This is causing fear, confusion it sales books, survival gear, newsletter subscriptions, paid website content and more, money, money, fear sales.
Today, in the birth pains, we still have, by Jesus 100% power over the demonic forces we see being unleashed all over. In Jesus name we still have power, we are not powerless.
In Revelations during the mid trib, this is after the 144,000 Jews are called and the Jewish Remnant escape by the lord to a safe haven. The Antichrist is so mad he goes to make war with her seed. The gentiles, this is when the mark of the beast comes in and this is when the Antichrist is given power over the saints, to kill them and weary them out. This remains till the end of the tribulation and when Jesus comes back to Earth and avenges the tribulation saints and the saints of all time.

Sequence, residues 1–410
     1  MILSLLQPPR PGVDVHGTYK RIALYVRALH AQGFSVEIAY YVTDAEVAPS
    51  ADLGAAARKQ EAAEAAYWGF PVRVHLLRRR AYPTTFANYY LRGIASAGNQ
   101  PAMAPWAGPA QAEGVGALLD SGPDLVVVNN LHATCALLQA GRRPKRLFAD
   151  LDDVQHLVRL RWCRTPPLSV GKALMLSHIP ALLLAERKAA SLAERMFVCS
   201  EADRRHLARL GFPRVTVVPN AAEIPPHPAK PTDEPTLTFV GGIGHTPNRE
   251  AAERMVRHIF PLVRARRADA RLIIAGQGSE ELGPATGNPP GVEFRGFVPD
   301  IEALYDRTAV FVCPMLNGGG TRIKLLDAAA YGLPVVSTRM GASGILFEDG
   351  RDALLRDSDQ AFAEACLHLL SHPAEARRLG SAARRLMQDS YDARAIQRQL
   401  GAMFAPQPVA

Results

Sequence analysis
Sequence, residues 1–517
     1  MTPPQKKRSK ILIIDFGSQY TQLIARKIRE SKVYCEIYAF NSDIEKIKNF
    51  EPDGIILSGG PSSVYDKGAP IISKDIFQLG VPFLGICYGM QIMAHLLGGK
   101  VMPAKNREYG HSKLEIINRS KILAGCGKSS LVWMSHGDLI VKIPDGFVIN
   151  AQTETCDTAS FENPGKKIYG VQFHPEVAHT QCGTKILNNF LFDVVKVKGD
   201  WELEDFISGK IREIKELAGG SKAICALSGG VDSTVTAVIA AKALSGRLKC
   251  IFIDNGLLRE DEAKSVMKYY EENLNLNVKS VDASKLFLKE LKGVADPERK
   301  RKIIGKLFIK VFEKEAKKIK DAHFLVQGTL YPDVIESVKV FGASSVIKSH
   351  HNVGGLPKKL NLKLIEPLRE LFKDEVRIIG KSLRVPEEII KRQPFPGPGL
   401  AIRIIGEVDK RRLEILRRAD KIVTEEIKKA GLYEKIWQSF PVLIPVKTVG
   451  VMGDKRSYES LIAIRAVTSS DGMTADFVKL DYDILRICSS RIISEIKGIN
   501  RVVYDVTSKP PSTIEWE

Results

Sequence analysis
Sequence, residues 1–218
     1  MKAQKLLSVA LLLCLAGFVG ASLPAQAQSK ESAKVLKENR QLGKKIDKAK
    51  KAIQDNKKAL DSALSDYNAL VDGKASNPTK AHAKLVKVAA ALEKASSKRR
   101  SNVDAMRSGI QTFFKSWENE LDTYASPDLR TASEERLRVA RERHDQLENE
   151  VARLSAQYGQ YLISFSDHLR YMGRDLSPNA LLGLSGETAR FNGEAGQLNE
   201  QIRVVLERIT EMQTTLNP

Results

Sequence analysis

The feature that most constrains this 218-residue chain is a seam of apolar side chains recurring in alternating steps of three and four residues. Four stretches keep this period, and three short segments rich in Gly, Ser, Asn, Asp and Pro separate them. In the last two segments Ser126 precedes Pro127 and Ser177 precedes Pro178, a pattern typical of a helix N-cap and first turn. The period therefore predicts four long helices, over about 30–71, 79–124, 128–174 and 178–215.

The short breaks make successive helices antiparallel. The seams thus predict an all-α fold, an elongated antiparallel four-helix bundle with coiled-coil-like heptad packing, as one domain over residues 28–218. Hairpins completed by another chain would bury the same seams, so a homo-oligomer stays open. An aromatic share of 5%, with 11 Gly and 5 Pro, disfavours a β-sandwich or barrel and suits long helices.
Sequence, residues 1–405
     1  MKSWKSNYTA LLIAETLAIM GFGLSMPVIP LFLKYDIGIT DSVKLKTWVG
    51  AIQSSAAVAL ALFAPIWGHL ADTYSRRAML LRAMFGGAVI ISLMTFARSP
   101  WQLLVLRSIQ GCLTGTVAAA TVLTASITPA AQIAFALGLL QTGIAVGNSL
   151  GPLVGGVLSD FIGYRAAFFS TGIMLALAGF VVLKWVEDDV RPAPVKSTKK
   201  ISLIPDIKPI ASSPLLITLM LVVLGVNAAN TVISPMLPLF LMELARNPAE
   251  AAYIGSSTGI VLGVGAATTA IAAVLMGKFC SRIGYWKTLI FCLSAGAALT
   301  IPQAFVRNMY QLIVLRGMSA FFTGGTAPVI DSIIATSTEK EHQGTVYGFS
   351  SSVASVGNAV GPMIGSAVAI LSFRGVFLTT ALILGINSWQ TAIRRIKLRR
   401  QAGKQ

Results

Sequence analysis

Now, today, we are not in this prophecy time line, and so today, we still have power in Jesus name to rebuke, cast out, and overcome all evil. Reader understand , this is the bible truth. Be strong, bold as a lion and do not cave in under the pressure, or lose heart.
I pray you are getting this, the fear, confusion, weakness comes from false teachers teaching we are already in the tribulation, this is viral all over the internet it is a lie, and not what the bible teaches. Make your choice today, who will you believe, man made doctrines from hell and foolishness, or what our lord says in his word.